Fine plastic art? Swatch finds a niche

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Fine plastic art? Swatch finds a niche

What’s the image of a dignified man in a fine worsted-wool suit and a Swatch? Young at heart, whimsical, with a good sense of humor.
Now take that three-button look down a notch. When Nicolas Hayek Jr., the chief executive officer of the Swatch Group, the parent company of Swatch, arrived in Seoul, he was wearing a sports jacket, a checked shirt and indigo jeans.
Casual, but dignified.
“I dress like this for board meetings,” says Mr. Hayek, in his thick Franco-German-Swiss accent, throwing up his arms to reveal a large turquoise Swatch on his right wrist and a classic Omega on his left. “It’s like parenthood; I’m trying to take care of all my brands,” says Mr. Hayek, whose group boasts 18 brands including Breguet, Omega, Rado, Longines and Tissot. Since its introduction in 1983, the Swatch brand of Swiss-made plastic watches has become the world’s most successful wristwatch in modern times. The parent group, was merged in 1985 by Mr. Hayek’s father, who had reorganized the Asuag and SSIH watch companies. As a graduate of the French Film Academy, Mr. Hayek was an award-winning filmmaker before taking control of his father’s company in 1994.
Mr. Hayek spoke with the JoongAng Daily when he was visiting a new Swatch store inside Hyundai Department Store in Mokdong.


Did your father force you to quit filmmaking to join his company?
No. About 10 years ago, the company was losing a lot of money from advertising agencies, and I knew exactly how they worked. While making movies, on the side I helped market watches through advertising and promotions in weaker markets such as the United States. The company needed a creative person to oversee it, and so I joined. A series called “Black Sheep” was one of the first campaigns I did, and it was tremendously successful.

Do you know what sells well in Korea?
I’m sure it’s one of those “Irony” watches in blue, and “Skin,” the thinnest plastic watch in the world.
In the ’70s, Swatch developed a watch unit called “Delirium” consisting of only 51 parts to make a light, thin wristwatch. That’s why we can handle 250 factories with 20,000 employees in a small country like Switzerland. To make a watch, other companies would need more than 120 parts, and we remain the leader of technological advancement by providing most of the luxury brand watch companies with our movements.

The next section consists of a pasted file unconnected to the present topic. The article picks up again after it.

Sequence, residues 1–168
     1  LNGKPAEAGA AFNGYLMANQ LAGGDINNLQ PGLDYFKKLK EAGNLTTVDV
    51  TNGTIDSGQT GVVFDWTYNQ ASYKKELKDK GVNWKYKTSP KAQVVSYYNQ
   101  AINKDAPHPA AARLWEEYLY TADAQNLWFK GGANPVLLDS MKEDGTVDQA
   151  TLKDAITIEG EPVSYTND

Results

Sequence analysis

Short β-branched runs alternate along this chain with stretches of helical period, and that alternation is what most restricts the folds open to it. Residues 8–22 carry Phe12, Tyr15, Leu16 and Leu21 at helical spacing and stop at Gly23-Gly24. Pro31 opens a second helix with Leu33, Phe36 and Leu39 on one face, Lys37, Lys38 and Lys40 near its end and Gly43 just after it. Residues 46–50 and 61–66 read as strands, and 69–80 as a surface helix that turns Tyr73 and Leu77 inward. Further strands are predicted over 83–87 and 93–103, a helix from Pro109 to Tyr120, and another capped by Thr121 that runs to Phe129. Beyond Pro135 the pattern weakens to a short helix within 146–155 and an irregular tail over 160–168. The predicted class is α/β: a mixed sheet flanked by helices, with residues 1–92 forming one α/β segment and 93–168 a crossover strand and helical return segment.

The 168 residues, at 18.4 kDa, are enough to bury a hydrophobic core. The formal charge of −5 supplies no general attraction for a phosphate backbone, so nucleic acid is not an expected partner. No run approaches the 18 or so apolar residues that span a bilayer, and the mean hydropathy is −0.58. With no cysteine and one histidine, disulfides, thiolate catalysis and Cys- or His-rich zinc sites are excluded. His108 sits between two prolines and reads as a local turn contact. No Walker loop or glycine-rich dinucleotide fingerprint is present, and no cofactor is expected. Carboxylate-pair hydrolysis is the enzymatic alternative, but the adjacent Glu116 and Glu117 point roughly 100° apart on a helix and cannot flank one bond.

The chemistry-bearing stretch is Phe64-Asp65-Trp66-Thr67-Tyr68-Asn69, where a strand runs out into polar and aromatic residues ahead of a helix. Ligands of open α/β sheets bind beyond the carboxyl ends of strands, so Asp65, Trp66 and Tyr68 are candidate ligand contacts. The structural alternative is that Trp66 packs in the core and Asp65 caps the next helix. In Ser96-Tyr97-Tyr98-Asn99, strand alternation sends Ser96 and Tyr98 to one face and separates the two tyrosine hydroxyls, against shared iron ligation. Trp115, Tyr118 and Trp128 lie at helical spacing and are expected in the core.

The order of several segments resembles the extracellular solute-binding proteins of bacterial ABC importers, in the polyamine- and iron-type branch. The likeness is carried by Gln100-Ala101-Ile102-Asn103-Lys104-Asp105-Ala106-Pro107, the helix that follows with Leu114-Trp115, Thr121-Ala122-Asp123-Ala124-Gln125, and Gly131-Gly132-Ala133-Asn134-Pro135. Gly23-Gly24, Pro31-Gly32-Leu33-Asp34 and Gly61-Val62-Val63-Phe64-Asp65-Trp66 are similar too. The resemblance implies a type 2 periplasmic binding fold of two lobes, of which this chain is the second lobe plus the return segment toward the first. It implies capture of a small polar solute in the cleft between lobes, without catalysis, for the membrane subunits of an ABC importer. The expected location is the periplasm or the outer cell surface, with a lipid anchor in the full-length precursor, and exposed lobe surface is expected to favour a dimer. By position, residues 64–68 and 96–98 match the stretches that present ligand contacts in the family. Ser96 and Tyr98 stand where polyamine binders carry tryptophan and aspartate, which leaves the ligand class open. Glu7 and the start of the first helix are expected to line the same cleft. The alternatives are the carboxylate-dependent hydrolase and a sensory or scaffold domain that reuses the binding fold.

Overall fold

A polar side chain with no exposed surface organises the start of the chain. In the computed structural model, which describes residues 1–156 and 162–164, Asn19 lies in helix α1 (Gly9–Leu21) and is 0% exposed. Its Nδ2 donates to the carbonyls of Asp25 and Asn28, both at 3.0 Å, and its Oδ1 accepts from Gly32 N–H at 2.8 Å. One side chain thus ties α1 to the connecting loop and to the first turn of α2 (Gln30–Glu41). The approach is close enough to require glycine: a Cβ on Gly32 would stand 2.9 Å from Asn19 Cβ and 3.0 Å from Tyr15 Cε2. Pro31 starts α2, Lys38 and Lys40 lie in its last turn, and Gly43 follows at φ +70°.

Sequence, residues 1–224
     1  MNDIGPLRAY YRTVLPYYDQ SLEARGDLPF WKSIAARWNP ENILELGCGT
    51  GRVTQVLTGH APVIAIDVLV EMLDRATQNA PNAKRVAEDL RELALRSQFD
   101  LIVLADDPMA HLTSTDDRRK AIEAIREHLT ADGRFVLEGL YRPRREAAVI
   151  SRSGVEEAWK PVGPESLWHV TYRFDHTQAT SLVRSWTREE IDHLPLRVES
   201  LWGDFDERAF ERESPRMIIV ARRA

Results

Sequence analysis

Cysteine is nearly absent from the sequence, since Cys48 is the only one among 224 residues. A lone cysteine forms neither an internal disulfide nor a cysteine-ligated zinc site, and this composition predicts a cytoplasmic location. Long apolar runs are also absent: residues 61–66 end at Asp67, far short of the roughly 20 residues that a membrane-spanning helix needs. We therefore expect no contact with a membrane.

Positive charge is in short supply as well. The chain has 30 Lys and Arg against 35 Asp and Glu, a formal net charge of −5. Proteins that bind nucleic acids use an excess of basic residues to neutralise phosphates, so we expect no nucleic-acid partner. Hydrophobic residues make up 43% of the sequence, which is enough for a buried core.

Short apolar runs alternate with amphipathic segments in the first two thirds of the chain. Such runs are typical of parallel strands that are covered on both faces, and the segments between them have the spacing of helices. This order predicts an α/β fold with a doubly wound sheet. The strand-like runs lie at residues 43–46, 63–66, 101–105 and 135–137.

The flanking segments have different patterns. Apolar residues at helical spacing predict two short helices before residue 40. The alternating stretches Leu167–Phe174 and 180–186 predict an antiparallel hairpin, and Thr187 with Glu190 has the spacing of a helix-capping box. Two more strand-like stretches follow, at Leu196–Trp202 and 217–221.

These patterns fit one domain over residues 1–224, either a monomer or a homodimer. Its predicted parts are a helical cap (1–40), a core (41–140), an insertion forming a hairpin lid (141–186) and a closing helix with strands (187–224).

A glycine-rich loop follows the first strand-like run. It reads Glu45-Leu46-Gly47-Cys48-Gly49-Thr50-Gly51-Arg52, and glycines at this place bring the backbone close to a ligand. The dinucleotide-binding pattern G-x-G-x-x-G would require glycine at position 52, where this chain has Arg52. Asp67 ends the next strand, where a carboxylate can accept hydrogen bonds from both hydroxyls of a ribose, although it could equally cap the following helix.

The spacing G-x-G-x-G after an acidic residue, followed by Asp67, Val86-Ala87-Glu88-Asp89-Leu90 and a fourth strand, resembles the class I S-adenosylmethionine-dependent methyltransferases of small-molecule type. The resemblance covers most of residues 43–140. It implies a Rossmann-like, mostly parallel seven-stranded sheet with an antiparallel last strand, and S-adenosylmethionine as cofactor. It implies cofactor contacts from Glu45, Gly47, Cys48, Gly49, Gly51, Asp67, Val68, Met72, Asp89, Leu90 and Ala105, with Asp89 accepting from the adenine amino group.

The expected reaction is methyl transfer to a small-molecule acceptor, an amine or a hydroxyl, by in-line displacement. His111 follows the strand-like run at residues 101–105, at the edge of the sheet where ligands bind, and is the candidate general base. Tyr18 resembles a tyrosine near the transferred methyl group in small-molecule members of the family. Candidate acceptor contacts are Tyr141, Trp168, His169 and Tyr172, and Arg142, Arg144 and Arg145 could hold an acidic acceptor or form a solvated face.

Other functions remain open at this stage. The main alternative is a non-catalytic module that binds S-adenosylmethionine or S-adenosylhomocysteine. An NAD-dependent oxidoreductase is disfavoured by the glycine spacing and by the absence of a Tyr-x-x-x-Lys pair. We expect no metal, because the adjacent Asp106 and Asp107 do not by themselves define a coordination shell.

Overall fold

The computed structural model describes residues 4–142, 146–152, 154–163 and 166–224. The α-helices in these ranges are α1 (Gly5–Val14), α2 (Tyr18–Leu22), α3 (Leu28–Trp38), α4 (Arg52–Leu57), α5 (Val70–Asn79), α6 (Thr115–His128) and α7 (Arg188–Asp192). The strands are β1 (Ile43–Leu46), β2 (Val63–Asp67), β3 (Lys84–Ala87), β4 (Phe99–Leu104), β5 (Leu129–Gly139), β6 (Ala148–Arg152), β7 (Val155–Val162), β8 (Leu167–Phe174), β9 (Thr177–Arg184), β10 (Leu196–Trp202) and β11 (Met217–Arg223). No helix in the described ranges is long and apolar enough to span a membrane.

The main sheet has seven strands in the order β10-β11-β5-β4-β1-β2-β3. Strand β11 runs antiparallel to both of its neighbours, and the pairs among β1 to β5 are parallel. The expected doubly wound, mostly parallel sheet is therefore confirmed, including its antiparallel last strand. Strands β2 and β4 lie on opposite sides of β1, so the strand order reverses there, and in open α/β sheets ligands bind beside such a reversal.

How do you compare working in the film and watch industries?
Being a boss in a company is like being a director of a movie. A director may have an idea in his head, but he would need, say, cameramen and actors, and they would have to contribute their ideas to make the product successful.
If one person constantly stands out, then that isn’t teamwork. To make a retail business work, you need to hear consumers and speak with sales staff and work together. I’m here to inspire and keep the staff motivated ― that’s the job of a boss.
For instance, in the Gucci group, there’s only one person who’s creative, Tom Ford. What happens if he leaves? How will the rest of the people [in the company] feel?
The term “exclusive” in luxury brands should not exclude people. I want to make sure every item in my group is accessible to all. Swatch watches, for example, are worn by everyone from kings, politicians and rock stars to young children.

You carry a “Phil Collins” Swatch.
Yes, I’ve worked with celebrities in the past. It was a Swatch sponsored-event that made Vivien Westwood famous in the ’80s. I’ve also worked with Peter Gabriel from the United Kingdom and Paik Nam June, the video artist from Korea.
Do you know how I got to work with Spike Lee? I was in a cab in New York and I looked at the cab next to mine ― and there he was! We said “Hi” and introduced ourselves.
Some limited editions are sold in two flagship shops, one in Place de Vendome in Paris and one on the Via della Spiga in Milan.
The funny thing is none of these celebrities signed contracts with us. They simply liked making their own Swatch designs and did it!

So why are you wearing two watches?
This classic design called “Railways” on my left is inspired by one of Omega’s earliest models in 1848, when it was founded. Omega made the world’s first anti-magnetic watches for railroads. On my right? I like the color turquoise.
I’m trying to change my own habits. It used to be that there was only one watch for life, but Swatch changed that. The mini-car “Smart” [an acronym for Swatch, Mercedes-Benz and art] project, collaborating with Mercedes-Benz, was one of our ways to change the habits of people’s lives. By designing environmentally friendly and fuel-efficient two-seaters, we wanted to change the way people use cars. We wanted to sell the car at an affordable price ― like Swatch ― but Mercedes-Benz disagreed. So we split.

by Ines Cho
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